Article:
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Command-Line Utilities



Part 1 --Using dbx

1. A dbx Overview

2. Starting dbx

Basic Concepts

Starting a Debugging Session
dbx Start-up Sequence
If a Core File Exists
Process ID

Setting Startup Properties

Debugging Optimized Code
Compiling with the -g Option
Code Compiled Without the -g Option
Shared Libraries Need -g for Full dbx Support
C++ Support and the -g Option
Completely Stripped Programs

Quitting Debugging
Stopping Execution
Detaching a Process From dbx
Killing a Program Without Terminating the Session

Saving and Restoring a Debugging Run
Saving a Series of Debugging Runs as Checkpoints
Restoring a Saved Run
Saving and Restoring using replay

Command Reference
Start-up Options

3. Viewing and Visiting Code

Basic Concepts

Mapping to the Location of the Code

Visiting Code
Visiting a File
Visiting Functions
Printing a Source Listing
Walking the Call Stack to Visit Code

Qualifying Symbols with Scope Resolution Operators
Backquote Operator
C++ Double Colon Scope Resolution Operator
Block Local Operator
Linker Names
Scope Resolution Search Path

Locating Symbols
Printing a List of Occurrences of a Symbol
Determining Which Symbol dbx Uses

Viewing Variables, Members, Types, and Classes
Looking Up Definitions of Types and Classes

Using the Auto-Read Facility
Disabling Auto-Read with the -xs Compiler Option
Listing Modules

Command Reference

4. Controlling Program Execution

Basic Concepts

Running a Program in dbx
Attaching dbx to a Running Process
Detaching a Process from dbx

Executing a Program
Calling a Function

Continuing a Program

Using Ctrl+C to Stop a Process

Command Summary

5. Examining the Call Stack

Basic Concepts
Finding Your Place on the Stack
Walking the Stack and Returning Home
Moving Up and Down the Stack

Command Reference

6. Evaluating and Displaying Data

Basic Concepts

Evaluating Variables and Expressions
Verifying Which Variable dbx Uses
Variables Outside the Scope of the Current Function
Printing C++
Dereferencing Pointers
Monitoring Expressions
Turning Off Display (Undisplay)

Assigning a Value to a Variable

Evaluating Arrays
Array Slicing for Arrays
Syntax for Array Slicing and Striding

Command Reference

7. Setting Breakpoints and Traces

Basic Concepts

Setting Breakpoints
Setting a stop Breakpoint at a Line of Source Code
Setting a when Breakpoint at a Line
Setting a Breakpoint in a Dynamically Linked Library
Setting Multiple Breaks in C++ Programs

Tracing Code
Setting trace Commands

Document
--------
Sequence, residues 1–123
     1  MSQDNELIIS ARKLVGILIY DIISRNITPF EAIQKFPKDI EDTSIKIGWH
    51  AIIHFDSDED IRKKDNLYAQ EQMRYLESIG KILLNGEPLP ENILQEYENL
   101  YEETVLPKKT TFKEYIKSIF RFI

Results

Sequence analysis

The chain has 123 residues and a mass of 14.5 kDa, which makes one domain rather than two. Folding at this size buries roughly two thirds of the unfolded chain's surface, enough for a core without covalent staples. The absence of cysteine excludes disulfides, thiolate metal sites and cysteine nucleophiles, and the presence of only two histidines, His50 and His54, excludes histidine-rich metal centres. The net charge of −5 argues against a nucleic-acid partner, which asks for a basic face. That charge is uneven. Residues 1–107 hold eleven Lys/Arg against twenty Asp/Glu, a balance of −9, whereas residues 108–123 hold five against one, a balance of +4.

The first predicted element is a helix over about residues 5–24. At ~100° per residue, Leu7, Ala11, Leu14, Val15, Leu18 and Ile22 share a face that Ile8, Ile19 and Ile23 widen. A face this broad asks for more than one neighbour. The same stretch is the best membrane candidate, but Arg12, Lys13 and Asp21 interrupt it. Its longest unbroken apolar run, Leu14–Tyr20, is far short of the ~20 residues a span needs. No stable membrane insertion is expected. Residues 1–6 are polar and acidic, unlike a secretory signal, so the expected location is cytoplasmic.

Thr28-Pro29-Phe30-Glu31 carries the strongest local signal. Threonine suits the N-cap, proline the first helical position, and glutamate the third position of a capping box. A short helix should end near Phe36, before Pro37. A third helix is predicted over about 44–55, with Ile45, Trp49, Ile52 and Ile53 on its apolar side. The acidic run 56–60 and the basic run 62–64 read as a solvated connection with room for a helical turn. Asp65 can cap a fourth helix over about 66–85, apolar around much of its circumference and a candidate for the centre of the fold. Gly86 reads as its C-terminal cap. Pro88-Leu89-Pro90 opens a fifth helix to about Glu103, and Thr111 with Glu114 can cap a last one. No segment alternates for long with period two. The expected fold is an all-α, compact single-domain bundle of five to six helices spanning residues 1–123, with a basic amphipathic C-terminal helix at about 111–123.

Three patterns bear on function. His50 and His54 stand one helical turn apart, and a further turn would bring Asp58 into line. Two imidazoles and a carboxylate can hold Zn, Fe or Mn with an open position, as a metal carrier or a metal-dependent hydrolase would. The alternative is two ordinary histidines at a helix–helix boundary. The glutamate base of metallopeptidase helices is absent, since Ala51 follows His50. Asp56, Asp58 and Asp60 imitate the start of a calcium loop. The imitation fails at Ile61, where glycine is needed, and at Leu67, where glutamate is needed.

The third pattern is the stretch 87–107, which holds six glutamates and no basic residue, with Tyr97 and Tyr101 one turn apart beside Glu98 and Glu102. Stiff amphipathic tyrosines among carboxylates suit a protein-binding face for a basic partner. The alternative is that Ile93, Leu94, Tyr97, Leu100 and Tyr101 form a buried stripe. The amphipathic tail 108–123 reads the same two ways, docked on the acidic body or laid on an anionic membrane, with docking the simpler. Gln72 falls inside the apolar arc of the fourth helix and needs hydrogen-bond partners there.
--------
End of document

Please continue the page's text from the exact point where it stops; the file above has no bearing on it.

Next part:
Controlling the Speed of a Trace

Listing and Clearing Event Handlers
Listing Breakpoints and Traces
Deleting Specific Breakpoints Using Handler ID Numbers
The Faster modify Event

Setting Breakpoint Filters

Efficiency Considerations

8. Event Management

Basic Concepts

Creating Event Handlers

Manipulating Event Handlers

Using Event Counters

Setting Event Specifications
Event Specifications
Event Specification Modifiers

Parsing and Ambiguity

Using Predefined Variables
Event-Specific Variables
Valid Variables

Set Watchpoint for Store to Array Member
Simple Trace
Enable Handler While Within the Given Function (in func)
Determine the Number of Lines Executed in a Program
Determine the Number of Instructions Executed by a Source Line
Enable Breakpoint after Event Occurs
Set Automatic Breakpoints for dlopen Objects
Reset Application Files for replay
Check Program Status
Catch Floating Point Exceptions

Command Reference

9. Using Runtime Checking

Basic Concepts
When to Use RTC

Using RTC

Using Access Checking (SPARC only)
Understanding the Memory Access Error Report
Memory Access Errors

Using Memory Leak Checking
Detecting Memory Leak Errors
Possible Leaks
Checking for Leaks
Understanding the Memory Leak Report
Fixing Memory Leaks

Using Memory Use Checking

Suppressing Errors
Default Suppressions
Using Suppression to Manage Errors

Using RTC on a Child Process

Using RTC on an Attached Process

Using Fix & Continue With RTC

Runtime Checking Application Programming Interface

Using RTC in Batch Mode

Troubleshooting Tips
RTC's 8 Megabyte Limit

Command Reference
Error Type Location Specifier
RTC Errors
dbxenv Variables

10. Using fix and continue

Basic Concepts
How fix and continue Operates
Modifying Source Using fix and continue

Fixing Your Program
Continuing after Fixing

Changing Variables after Fixing

Command Reference

11. Collecting Data

Basic Concepts

Using the Collector


Collecting Data for Multithreaded Applications

Command Reference

12. Debugging Multithreaded Applications

Basic Concepts

Understanding Multithreaded Debugging
Thread Information
Viewing the Context of Another Thread
Viewing the Threads List